As mentioned, we will talk about the important people, activities, personality traits and resources which the client has to draw on. This is a crucial part of what is called a positive approach to psychology2. It is common for psychology appointments to talk a lot about ‘problems’ (after all, not many people come to speak with me if everything is going perfectly!), but the solutions and the positive aspects of life are just as important. It is these things which help clients to achieve their goals. Therapy, like life in general, is difficult, and we need to use everything we can to support ourselves.

I don’t ask a lot about childhood experiences, unlike some other therapists. In my experience the present and the future are more important than the past when it comes to making changes in our lives. Unlike in TV programmes or films, it is rare for some past experience to be the key to unlocking someone’s psychological wellbeing in a ‘eureka!’ moment. Far more commonly, good psychology is about helping people identify what they want to be different in the future and supporting them to overcome any obstacles they face in the present. During the assessment I will ask a few brief questions about the client’s early years and then we will deal with any significant childhood issues as they come up in therapy.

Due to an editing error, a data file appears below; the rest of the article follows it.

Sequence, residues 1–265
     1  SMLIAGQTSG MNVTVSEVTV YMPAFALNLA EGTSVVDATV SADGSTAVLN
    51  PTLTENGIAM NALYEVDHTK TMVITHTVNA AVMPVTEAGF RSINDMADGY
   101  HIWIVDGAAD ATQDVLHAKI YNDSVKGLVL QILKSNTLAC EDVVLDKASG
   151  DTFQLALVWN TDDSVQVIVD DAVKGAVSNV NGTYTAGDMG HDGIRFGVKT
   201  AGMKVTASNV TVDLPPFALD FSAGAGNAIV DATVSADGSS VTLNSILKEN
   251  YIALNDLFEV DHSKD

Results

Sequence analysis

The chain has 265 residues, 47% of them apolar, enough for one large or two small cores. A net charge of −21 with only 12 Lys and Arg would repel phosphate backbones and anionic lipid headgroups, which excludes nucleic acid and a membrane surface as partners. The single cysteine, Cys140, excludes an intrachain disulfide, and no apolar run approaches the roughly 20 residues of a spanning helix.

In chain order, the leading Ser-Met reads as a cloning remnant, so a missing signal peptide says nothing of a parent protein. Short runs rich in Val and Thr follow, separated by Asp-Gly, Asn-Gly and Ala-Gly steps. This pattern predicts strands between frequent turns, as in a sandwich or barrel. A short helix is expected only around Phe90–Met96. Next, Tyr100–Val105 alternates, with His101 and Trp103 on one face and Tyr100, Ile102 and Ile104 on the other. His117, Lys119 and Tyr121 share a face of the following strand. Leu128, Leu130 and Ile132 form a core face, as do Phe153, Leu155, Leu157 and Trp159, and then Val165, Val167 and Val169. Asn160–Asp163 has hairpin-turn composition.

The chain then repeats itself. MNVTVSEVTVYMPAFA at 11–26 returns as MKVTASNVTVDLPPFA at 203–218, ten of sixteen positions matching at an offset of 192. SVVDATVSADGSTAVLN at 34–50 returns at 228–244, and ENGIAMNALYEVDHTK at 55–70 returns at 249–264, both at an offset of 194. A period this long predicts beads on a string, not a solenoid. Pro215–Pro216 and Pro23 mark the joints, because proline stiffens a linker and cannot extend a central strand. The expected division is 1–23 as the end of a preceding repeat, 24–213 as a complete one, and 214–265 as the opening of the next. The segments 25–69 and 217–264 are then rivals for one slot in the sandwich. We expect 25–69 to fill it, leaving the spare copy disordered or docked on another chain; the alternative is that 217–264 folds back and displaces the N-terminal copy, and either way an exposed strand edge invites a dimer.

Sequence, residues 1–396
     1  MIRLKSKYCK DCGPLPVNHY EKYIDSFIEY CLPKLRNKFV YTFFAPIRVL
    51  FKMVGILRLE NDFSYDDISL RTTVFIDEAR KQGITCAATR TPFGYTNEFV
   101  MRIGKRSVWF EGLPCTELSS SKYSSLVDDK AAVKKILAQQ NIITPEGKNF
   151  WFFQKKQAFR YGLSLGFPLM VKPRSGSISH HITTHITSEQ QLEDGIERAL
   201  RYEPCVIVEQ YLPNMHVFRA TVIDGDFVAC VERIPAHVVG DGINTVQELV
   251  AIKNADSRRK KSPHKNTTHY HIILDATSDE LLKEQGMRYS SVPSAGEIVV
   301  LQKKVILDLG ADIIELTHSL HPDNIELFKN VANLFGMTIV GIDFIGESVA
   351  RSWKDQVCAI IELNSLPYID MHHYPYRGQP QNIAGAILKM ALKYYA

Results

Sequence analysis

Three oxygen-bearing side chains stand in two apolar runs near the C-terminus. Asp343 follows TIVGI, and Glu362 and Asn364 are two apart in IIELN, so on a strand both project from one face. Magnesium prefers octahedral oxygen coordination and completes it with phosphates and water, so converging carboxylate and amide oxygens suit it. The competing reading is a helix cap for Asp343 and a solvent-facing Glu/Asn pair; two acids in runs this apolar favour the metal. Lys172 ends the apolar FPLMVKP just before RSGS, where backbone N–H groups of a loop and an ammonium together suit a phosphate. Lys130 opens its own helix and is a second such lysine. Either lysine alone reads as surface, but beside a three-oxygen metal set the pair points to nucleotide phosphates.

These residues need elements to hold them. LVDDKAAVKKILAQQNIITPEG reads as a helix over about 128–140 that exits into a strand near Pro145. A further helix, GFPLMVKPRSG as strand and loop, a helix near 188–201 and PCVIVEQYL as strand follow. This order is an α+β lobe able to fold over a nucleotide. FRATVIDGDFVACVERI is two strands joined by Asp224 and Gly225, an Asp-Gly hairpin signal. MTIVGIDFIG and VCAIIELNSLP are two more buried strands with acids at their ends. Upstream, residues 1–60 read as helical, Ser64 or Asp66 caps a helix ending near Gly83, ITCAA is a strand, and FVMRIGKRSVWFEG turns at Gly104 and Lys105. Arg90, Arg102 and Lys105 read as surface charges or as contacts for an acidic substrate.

Finally I will also ask about things like sleep, physical health, medication et cetera as these sorts of practical issues can have a massive impact on someone’s wellbeing and ability to make changes.

The conclusion of your first psychology appointment

After around 45 minutes of conversation we reach the conclusion of the assessment. I put all the information we have gathered into a psychological story (the technical term is a ‘formulation’) which helps to explain why a person is experiencing the given issues and what might be helpful. A formulation is specific to that individual based on their situation and draws on psychological theory, research and experience3.

Perhaps most importantly, the client and I agree on a plan of action. Often this involves psychological therapy which would typically begin at their second appointment. Sometimes the plan is about something they can do on their own (e.g. reading some self-help material) or with a specialist organisation (e.g. a support group for people with similar experiences).

Sometimes at the end of assessments clients are certain that they want to continue on to therapy. Sometimes they would like some time to go away and think about it. Assessments involve talking about lots of important things and can be emotionally draining. It is natural for people to take time to process what has been discussed and to think about the psychological formulation and the plan.

Whatever people decide, I try my best to make the experience as comfortable and helpful as possible and I hope this article can help in achieving that goal.

Thanks for reading,


Dr Andrew Morgan, Clinical Psychologist


1: Rogers, C. R. (1951). Client-centered therapy; its current practice, implications, and theory. Houghton Mifflin.

2: Gable, S. L., & Haidt, J. (2005). What (and why) is positive psychology?. Review of general psychology, 9(2), 103-110.

3: Johnstone, L., & Dallos, R. (2013). Introduction to formulation. In Formulation in psychology and psychotherapy (pp. 21-37). Routledge.

Psychology Therapy Liverpool First Appointment Andrew Morgan